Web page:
Red Bull Frozen Rush: The Next Evolution of Off-Road?

As the biggest off road race of the winter continues to grow, does it open the door for more events?

Ed Millerby Ed Miller

Last year, the folks at Red Bull created an event spotlighting Pro 4 off road truck racing – a sport with a large following mainly out west, especially in Southern California. But instead of warm weather and a track of either mud or dirt, Red Bull Frozen Rush tests drivers’ limits on a frigid, snowy track.

The first year found so much success that the energy drink giant brought the event back to Sunday River Ski Resort in Western Maine again this season – and once again the event impressed.

Armed with 900-horsepower engines and specially made studded mud-terrain tires, eight of the best drivers once again put on a show on the ski slope turned race track. And as thousands of onlookers held their breath while Bryce Menzies drove the No. 7 truck to a victory, there was no denying the potential Frozen Rush had to becoming more than just one annual event.

Frozen Rush

In fact, this event has all the makings of its own series, much like Lucas Oil Off Road Racing Series or the even more popular TORC: The Off Road Championship. And most of the participants would agree.

“This is a really cool deal in the snow,” admitted RJ Anderson. “If we can make this work, maybe in the future it can get to where we can race just like we do in the dirt.”

Anderson, 21, was the youngest Frozen Rush 2015 driver and while he’s used to driving Pro 2 trucks – a lighter truck with less horsepower that is only two-wheel drive – and Pro-Lites, he was more than excited to see what he could do. But Anderson came in having never competed in the snow.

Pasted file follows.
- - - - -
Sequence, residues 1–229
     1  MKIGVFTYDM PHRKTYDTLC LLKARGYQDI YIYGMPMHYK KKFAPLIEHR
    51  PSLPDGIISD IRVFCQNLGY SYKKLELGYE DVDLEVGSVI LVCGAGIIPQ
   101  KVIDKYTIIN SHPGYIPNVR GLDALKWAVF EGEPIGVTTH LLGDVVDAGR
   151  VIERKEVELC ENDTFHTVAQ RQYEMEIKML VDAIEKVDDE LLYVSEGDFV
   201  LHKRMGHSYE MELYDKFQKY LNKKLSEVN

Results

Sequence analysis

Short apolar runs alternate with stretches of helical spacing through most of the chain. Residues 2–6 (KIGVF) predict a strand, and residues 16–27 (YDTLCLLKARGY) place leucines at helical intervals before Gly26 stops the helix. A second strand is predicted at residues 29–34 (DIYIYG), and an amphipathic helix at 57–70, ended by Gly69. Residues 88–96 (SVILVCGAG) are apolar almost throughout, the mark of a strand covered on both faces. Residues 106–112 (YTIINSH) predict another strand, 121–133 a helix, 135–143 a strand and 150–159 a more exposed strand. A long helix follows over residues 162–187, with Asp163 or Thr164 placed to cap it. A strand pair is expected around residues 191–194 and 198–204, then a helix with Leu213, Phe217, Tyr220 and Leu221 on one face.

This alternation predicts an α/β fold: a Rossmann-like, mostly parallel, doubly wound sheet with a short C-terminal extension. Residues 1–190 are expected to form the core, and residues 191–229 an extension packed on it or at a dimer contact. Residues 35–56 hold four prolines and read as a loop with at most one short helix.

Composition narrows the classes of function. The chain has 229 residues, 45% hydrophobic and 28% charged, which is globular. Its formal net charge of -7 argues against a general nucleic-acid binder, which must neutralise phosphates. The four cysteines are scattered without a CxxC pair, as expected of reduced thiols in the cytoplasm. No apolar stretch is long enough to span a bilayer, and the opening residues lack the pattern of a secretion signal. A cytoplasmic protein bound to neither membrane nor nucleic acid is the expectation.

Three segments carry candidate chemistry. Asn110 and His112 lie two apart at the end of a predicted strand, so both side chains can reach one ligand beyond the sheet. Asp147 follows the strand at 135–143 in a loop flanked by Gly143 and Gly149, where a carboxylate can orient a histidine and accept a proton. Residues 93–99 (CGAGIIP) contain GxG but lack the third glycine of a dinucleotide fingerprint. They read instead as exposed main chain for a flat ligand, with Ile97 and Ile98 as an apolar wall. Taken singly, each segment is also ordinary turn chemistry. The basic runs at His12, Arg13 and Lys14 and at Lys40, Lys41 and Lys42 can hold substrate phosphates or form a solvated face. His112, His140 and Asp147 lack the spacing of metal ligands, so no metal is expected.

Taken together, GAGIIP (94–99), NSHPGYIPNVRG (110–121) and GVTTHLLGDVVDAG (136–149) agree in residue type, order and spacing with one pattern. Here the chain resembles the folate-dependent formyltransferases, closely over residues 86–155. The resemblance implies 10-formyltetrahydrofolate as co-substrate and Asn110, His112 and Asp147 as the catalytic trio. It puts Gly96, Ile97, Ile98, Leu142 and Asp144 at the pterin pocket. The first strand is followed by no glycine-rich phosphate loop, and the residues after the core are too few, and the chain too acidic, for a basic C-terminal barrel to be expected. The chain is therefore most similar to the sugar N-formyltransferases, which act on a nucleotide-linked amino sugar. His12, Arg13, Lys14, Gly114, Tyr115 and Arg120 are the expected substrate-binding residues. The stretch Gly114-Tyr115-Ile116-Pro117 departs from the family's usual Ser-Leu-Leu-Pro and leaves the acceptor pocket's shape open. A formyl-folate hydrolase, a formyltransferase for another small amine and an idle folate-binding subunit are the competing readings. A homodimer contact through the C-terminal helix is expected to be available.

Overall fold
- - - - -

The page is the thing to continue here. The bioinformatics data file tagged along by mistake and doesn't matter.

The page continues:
“I’m one of the only guys that hasn’t been to Frozen Rush before,” Anderson added. “I’m just here for the good experience and if we can do well, then that’s icing on the cake.”

Scott Douglas

No matter what age, most of the participants want to see Frozen Rush grow into something more. Take Scott Douglas, for instance. At 54-years-old, Douglas was the oldest participant this year and has made a career out of being one of the most consistent competitors in the sport. He was there last year and realizes just what it’s quickly become in two short years.

“[Red Bull] has taken it to the next level,” said Douglas. “I could definitely see it being a counterpart to the dirt because of the fact that it’s so exciting for the fans.”

However, not all of the drivers share in Douglas’ sentiment.

Ricky Johnson, last year’s Frozen Rush champion, created TORC series after a successful motocross career, so it’s safe to say he knows a thing or two about developing off road racing. But the action sports legend has a different opinion on how Red Bull should evolve the event.

“I wouldn’t like to see this become a series – at the most, maybe a Triple Crown but to try and go more than that is just a little too much,” Johnson claimed. “I like having these Super Bowl-like events, where you’re one and done. You come in with eight contenders and you walk away with one championship.”

FR

It remains to be seen just what Red Bull plans to do with Frozen Rush, part of their Signature Series, although given the success in its first two years and the ability to potentially tap a new market, it seems like a sport destined for numerous competitions throughout the winter. The pieces seem to be in place.

Be sure to catch all of the action of Red Bull Frozen Rush March 1 at 2:00 p.m. ET on NBC.

Ed Miller is a contributor for CraveOnline Sports. You can follow him on Twitter @PhillyEdMiller or “like” CraveOnline Sports on Facebook.